Oulanka National Park
Level: (* * *) Three bears
The Oulanka National Park has two major attractions: the great rapids of Oulankajoki and Kitkajoki, and the Karhunkierros Trail.
The Oulanka region is well-known for its beautiful nature. The first plans to protect the area were made already in the 19th century. Nevertheless, Oulanka was not among the first National Parks founded in Finland in 1938. Later in 1956, once the land ownership situation became more clear, the time was ripe for a National Park.
Before that, there was a conflict concerning the local rapids. There were plans to harness the rivers Oulankajoki and Kitkajoki for the production of electricity in the 1950’s. Fortunately, the plans were dismissed, and the rapids remained unharnessed within the National Park.
At first, the National Park consisted of the upper reaches of the Oulankajoki river and its tributary, Savinajoki, and the surrounding forests. The Park was extended in the 1980’s to Kitkajoki and Kerojärvi in north-east.
Oulankajoki has many facets. On its upper course, it runs in deep ravines surrounded by steep rocky cliffs, and the middle part has two waterfalls, Taivalköngäs and the great Kiutaköngäs. The lower course meanders slowly through sandy banks.
Kitkajoki has many rapids. After lake Juumajärvi, there’s a rapid after another, culminating to the 10-metre waterfall of Jyrävä.
The Park’s wildlife is typical of wilderness: golden eagles and sea eagles rule the sky, and the bear is the king of the forest below. More often you’ll see reindeer and elks, grouses, woodpeckers and several small birds
Humans have wandered the forests of Kuusamo and Salla since the Stone Age, and Oulanka has been a popular hunting ground to this day. Oulanka was a logging site and timber was driven down the rivers for a while in the late 19th century.
The area is also presented in this site in sections about the cultural landscapes and canoeing routes.
Hiking in Oulanka
The Oulanka National Park is a part of Finnish hiking history: The Karhunkierros Trail is the best known hiking trail in Finland. However, the Hetta – Pallas Trail is in fair competition for the title.
At the time when Finland was still part of Russia, Karhunkierros was the name of the road from Kuusamo to Paanajärvi, Tuutikylä, Käylä and back to Kuusamo church village. It was said that when this round-trip was made, at least one bear would be encircled each time.
Oulanka and Paanajärvi especially, were popular tourism destinations already back then, but Paanajärvi was later lost to the other side of eastern border. There were back-packers in Oulanka, scouts and the like, already in the 1950’s. The area had a couple of open wilderness huts, such as Taivalköngäs and Siilasmaja.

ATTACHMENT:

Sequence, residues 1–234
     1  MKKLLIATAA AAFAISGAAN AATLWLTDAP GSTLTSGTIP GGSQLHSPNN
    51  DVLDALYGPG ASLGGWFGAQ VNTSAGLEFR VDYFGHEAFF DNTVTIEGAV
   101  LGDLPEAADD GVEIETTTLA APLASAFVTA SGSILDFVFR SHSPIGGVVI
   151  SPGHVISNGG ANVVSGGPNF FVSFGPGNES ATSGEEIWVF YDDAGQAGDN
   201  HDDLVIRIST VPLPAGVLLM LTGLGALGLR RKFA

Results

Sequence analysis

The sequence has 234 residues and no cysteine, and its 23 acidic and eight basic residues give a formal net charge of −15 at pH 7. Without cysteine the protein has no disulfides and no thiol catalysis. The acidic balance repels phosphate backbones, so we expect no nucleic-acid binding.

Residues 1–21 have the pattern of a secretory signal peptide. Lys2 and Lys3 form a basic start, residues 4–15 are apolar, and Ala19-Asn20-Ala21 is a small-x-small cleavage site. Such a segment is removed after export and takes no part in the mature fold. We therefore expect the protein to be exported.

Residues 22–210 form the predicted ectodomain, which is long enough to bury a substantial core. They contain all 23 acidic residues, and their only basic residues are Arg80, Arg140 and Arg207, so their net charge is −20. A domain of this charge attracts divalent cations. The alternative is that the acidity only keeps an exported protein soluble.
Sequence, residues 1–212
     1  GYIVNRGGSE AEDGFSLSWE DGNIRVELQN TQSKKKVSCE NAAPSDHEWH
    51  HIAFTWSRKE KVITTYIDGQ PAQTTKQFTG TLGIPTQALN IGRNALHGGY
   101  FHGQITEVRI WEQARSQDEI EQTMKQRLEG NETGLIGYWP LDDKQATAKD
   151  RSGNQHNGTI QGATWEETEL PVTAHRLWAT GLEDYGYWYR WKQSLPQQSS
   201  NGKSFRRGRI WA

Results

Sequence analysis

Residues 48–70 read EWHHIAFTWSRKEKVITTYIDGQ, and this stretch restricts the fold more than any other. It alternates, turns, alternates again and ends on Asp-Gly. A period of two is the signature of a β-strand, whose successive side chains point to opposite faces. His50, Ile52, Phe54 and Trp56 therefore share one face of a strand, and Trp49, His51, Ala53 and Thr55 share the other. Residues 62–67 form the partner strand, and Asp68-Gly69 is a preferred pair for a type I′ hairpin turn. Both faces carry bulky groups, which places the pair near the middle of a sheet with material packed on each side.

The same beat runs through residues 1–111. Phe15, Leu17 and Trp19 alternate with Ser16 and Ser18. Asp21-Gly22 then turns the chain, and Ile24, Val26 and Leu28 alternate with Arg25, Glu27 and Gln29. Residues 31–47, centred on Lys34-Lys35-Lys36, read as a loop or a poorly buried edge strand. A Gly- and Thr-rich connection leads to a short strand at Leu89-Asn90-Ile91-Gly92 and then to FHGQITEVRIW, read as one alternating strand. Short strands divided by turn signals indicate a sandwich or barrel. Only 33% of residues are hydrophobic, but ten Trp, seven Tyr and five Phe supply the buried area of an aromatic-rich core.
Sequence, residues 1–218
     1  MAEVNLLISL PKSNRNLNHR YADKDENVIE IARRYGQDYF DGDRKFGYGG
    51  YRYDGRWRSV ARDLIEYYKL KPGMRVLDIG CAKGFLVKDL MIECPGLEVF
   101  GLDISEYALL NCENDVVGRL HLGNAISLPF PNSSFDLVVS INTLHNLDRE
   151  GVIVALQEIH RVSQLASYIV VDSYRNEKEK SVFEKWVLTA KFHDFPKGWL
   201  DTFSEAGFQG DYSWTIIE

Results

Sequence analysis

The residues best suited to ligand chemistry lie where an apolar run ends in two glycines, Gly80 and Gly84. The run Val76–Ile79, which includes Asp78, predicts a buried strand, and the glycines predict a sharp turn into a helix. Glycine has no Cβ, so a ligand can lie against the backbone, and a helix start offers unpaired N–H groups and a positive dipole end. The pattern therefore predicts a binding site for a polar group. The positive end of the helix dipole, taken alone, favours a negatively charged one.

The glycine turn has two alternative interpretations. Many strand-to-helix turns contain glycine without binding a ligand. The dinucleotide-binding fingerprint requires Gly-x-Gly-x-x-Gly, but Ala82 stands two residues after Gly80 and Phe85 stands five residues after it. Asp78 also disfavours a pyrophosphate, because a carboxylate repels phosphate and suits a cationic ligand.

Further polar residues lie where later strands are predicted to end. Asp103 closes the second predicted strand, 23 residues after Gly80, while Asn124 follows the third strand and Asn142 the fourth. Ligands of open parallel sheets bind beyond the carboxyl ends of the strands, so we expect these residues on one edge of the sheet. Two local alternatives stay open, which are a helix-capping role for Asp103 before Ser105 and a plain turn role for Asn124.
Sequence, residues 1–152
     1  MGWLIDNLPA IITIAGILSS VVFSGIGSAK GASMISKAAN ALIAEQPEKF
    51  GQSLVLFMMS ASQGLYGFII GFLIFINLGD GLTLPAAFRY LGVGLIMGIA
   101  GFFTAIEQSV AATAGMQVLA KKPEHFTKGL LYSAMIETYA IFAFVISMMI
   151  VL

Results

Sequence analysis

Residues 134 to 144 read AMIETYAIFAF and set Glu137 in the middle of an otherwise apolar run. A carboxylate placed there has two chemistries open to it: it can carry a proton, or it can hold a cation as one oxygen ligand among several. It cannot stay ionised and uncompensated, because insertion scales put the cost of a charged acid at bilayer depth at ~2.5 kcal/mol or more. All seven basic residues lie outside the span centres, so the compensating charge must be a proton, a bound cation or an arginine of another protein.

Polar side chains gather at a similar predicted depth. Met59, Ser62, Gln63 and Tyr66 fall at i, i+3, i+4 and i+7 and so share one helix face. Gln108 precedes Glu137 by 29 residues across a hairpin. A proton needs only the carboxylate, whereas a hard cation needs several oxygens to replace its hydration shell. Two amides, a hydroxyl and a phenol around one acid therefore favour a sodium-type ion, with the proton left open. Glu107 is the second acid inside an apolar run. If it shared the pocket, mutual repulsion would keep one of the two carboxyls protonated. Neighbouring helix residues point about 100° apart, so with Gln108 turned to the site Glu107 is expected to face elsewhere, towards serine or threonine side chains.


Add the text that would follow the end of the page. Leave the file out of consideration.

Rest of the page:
Marking of the long hiking trail, from Ristikallio via Oulankajoki and Kitkajoki rivers to the Rukatunturi fell, began in 1954. Rukatunturi too, was pristine wilderness at the time. The trail was not called Karhunkierros initially, but already in 1958, the Kuusamo hiking map had a route called Karhunkierros.
Despite its name, “Bear’s round-trip”, the Karhunkierros trail is not a round-trip trail. It runs from Rukatunturi fell to Hautajärvi Visitor Centre in Salla. There are, however, shorter round-trip trails available in the area. The Oulanka Visitor Centre is nearby the Kiutaköngäs rapids. If you’ve come to see the rapids, they are one kilometre away. If you have a bit more time, the Hiidenlampi Nature Trail turns right from the trail to Kiutaköngäs. Running anticlockwise, the trail takes you to a 5km round-trip. You can see a reindeer fence, an observation tower and a meadowland barn. At the end of the trail, you can admire the Kiutaköngäs rapids.
The Kiutaköngäs day-trip trail is an opportunity to extend your hike. The 8km trail goes a bit further to the banks of the Oulankajoki river. At the mouth of Merenoja, there’s a campfire site.
The Rytisuo Nature Trail starts from the Oulanka Camping Area next to the Visitor Centre, on the other side of the road. The themes of the 7km round-trip trail are swamp nature and meadow culture.
The crown of the day-trip trails in the National Park is the 12km long Pieni Karhunkierros, starting from the Juuma village. The route has some demanding terrain, and you should be prepared for a slower pace than on easier ground. The Jyrävä waterfall is the highlight of the route, but there are plenty of other things to see.
Oulanka in a Nutshell
Kuusamo and Salla, North Ostrobothnia and Lapland
Founded in 1956
Book by Jouni Laaksonen: Retkeilijän kansallispuistot, Otava 2011
From Via Karelia (950), there are signs to the Juuma village and the Oulanka Visitor Centre.